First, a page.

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Confusion with time dialation.

  1. May 26, 2012 #1
    Reading Brian Cox and Jeff Forshaw's book "Why does E=MC2". They mention that satellites speed up with time, but, then reading Wiki it says the crew of the ISS experience the slowing of time. Which one is correct? I'm slightly confused.
    Both experience a weaker gravitational pull and high velocities.
    I feel I have the answer but it's been some months since I read anything about this.
    Could it be the overall difference in altitude and speed?
    Many thanks


    http://en.wikipedia.org/wiki/Time_dilation
     
    Last edited: May 26, 2012
  2. jcsd
  3. May 26, 2012 #2
  4. May 26, 2012 #3
    The velocity based time dilation combined with the gravitational time dilation can be written as:

    [tex]\sqrt{1-\frac{v^2}{c^2}} * \sqrt{1-\frac{2GM}{rc^2}} [/tex]

    Since the orbital velocity of a satellite is given by:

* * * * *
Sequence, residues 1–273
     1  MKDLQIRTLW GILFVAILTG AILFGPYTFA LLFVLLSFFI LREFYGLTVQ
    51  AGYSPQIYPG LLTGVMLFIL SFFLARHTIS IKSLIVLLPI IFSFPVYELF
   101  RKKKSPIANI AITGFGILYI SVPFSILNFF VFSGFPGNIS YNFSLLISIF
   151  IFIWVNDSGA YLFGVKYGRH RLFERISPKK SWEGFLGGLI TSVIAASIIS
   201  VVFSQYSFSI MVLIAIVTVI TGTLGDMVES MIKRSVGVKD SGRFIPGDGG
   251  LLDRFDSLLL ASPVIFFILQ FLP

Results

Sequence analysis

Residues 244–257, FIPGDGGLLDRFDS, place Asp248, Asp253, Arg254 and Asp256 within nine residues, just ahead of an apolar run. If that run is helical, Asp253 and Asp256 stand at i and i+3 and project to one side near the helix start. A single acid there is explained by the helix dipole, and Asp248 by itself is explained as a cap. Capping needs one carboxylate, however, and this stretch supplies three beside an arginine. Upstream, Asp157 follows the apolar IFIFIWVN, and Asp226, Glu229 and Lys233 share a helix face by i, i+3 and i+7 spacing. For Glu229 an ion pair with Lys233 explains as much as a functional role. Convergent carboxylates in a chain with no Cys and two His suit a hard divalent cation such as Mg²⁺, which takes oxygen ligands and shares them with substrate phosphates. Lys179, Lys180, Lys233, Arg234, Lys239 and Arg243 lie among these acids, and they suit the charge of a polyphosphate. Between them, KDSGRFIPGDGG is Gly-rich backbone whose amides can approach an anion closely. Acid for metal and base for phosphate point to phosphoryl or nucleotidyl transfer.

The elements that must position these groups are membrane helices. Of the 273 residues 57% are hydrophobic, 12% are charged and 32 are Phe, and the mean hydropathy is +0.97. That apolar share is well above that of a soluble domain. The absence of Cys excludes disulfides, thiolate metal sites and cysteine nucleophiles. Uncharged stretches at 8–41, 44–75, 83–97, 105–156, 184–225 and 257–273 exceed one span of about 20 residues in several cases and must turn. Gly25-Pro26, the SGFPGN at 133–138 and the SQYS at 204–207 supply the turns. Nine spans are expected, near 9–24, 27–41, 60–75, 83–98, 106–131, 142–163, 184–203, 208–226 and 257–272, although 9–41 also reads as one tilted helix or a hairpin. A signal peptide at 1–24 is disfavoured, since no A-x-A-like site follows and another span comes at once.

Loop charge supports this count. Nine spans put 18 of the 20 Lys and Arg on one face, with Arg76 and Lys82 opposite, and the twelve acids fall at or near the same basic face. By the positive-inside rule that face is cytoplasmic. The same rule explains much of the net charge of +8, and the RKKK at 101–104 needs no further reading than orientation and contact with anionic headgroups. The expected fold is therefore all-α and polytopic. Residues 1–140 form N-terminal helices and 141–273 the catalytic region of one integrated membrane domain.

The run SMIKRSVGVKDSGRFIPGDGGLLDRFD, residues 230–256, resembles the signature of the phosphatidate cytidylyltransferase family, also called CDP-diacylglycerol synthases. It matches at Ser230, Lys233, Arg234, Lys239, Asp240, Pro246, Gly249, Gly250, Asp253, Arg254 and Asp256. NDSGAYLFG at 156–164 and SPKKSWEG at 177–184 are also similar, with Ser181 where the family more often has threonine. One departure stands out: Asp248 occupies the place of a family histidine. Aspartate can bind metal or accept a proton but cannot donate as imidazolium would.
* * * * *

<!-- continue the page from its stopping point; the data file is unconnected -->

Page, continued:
[tex]v = \sqrt{\frac{GM}{r}} [/tex]

    then the first equation can be rewritten as:

    [tex]\sqrt{1-\frac{GM}{rc^2}} * \sqrt{1-\frac{2GM}{rc^2}} [/tex]

    It can be seen for increasing radius the time dilation reduces due to increased height and due to reduced orbital velocity. Clocks on satellites with large orbits tick faster than clocks on satellites at lower orbits. Clocks on the surface of the Earth are moving much slower than the required orbital velocity at that radius and so tick faster than clocks on satellites with very low orbits. The ISS has a relatively low orbit (its radius is approximately 1.05 times the radius of the Earth), so clocks on the ISS are indeed ticking slower than clocks on the surface of the Earth. The speed up of clocks with increasing radius means that once an orbital radius is larger than 3 times the Earth surface radius (the break even point) the clocks on board a satellite are ticking faster than a clock on the Earth surface. The GPS satellites have an orbital radius of about 4.1 times the radius of the Earth so they are ticking faster.

    P.S. The above equations for the time dilation of an orbiting satellite can be fairly accurately approximated in this case by:

    [tex]\sqrt{1-\frac{3GM}{rc^2}} or \left(1-\frac{3GM}{2rc^2}\right) [/tex]
     
  5. May 26, 2012 #4
    Thank you, yuiop. You have hit the nail on the head.
    Since I posted the question, a few hours ago, I have been pondering over it and knew their had to be a explanation. From reading your post it looks like I was touching on the reason but couldn't quite grasp it.

    Thank you for your post also, Naty1.
     
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